The biggest tax increase in history?
More than the ascension of Nancy Pelosi & Co. was disturbing congressional Republicans two weeks ago. They worried that George W. Bush may proceed down the same path that made his father a one-term president. Thus, they ask this question: Will the current President Bush embrace a tax increase that would produce potential economic disaster and guaranteed political catastrophe?
Henry M. Paulson Jr. is a shark on Wall Street but a rookie on Pennsylvania Avenue. As Mr. Bush’s third secretary of the Treasury, he has engaged in secret bipartisan talks discussing an increase in the current $97,500 limit on personal income subject to the Social Security payroll tax. That would spike up the top marginal tax rate, demolishing supply-side tax principles that Republican administrations have purportedly followed for 26 years.
Mr. Paulson certainly has given the impression in those discussions that he is amenable to raising the payroll tax, but a senior White House aide cautions this decision has not yet been made. “There is somebody higher than Hank Paulson, and it is George W. Bush,” he told me. Presidential adviser Karl Rove (who was not the aide I just quoted) attended conservative activist Grover Norquist’s weekly meeting on Jan. 3 and offered to bet anyone $5 that there would be no increase in the payroll tax base. But Bush himself has not unequivocally ruled out such a move, as he has in rejecting any increase in the personal income tax.
White House spokesman Tony Snow, an ardent supply-sider as a columnist and commentator who must be personally against a higher payroll tax, dances around the question in public briefings. Congressional Republicans are running into a stone wall from usually cooperative Treasury and Social Security administration officials when they request economic data that would demonstrate the folly of lifting the payroll cap.
But Mr. Paulson is the source of most Republican apprehension. He has engaged in private talks with Republican Sen. Lindsey Graham of South Carolina and Sen. Joseph Lieberman of Connecticut, who now calls himself an “Independent Democrat.” Mr. Graham for more than two years has been seeking Mr. Lieberman’s participation in a bipartisan Social Security reform that includes a higher payroll tax base.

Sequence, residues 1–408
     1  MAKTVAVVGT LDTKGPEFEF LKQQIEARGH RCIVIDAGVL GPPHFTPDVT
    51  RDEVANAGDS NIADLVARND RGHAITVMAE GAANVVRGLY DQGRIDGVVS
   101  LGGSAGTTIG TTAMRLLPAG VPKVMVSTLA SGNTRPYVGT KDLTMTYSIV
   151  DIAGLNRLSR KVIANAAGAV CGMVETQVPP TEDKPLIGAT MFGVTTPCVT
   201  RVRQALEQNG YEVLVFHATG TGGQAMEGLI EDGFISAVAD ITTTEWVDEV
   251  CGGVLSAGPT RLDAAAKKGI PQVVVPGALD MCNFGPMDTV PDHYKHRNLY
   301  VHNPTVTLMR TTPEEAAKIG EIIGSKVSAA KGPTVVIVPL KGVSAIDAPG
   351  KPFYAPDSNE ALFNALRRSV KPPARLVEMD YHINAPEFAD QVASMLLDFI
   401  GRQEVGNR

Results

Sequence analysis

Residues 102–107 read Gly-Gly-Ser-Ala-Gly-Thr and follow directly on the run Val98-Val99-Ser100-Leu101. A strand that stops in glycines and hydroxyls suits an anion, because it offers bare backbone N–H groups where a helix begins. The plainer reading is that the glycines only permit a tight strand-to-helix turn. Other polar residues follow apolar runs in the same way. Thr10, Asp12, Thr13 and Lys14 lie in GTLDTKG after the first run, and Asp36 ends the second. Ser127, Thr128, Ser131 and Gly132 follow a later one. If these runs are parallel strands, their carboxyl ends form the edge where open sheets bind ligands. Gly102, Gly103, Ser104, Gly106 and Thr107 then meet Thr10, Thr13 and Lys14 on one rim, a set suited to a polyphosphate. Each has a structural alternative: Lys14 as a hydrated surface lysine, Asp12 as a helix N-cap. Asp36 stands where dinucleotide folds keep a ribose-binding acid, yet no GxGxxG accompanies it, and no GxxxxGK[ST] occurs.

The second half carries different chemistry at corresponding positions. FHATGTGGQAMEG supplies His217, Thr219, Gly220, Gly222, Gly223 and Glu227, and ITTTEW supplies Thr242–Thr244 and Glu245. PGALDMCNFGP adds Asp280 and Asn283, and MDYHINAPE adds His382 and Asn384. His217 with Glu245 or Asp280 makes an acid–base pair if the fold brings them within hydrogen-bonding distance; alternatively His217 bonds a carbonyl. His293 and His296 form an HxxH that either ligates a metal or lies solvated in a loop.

When Mr. Graham began crafting his compromise in No- vember 2004, the premise was that each party would accept something painful. In return for Republicans agreeing to payroll taxes on higher income, Democrats would have to swallow Mr. Bush’s proposed personal retirement accounts, which would be financed by cutting into payroll taxes that now all go into Social Security. But no Democrat, not even Mr. Lieberman, is willing to accept that. Democrats refuse to talk with Republicans about personal accounts “carved out” of the present system.
Indeed, a “carve out” is now a dead letter. New personal retirement accounts could be passed only as an “add on” — financed voluntarily by individuals whose contributions to Social Security would remain unchanged. Higher payroll taxes would be imposed only to save the present system as part of a broader entitlement reform.
Republican concern over such an outcome stems in no small part from the belief that multi-millionaire Mr. Paulson has entered a realm foreign to him. One well-placed House Republican, asking that his name not be used, expressed alarm that a financier who sold $485 million worth of Goldman Sachs stock in order to be confirmed at the Treasury cannot appreciate how the payroll tax ravages selfemployed businessmen and farmers.
Eliminating the cap on payroll taxes would constitute the largest tax increase in U.S. history, estimated by the Heritage Foundation during the last Congress at $1.4 trillion over 10 years. This analysis predicted that such a step would cost nearly a million jobs and more than $55 billion in projected personal savings.
The economic woe resulting from higher payroll taxes would be matched by political damage to the president if this outcome were adopted by the Democratic-controlled Congress with his approval but support from only a few Republican legislators. That political calamity can be averted if Mr. Bush takes any payroll tax increase off the negotiating table, just as Democrats refuse to talk about a partially privatized Social Security system.
Robert Novak is a nationally syndicated columnist.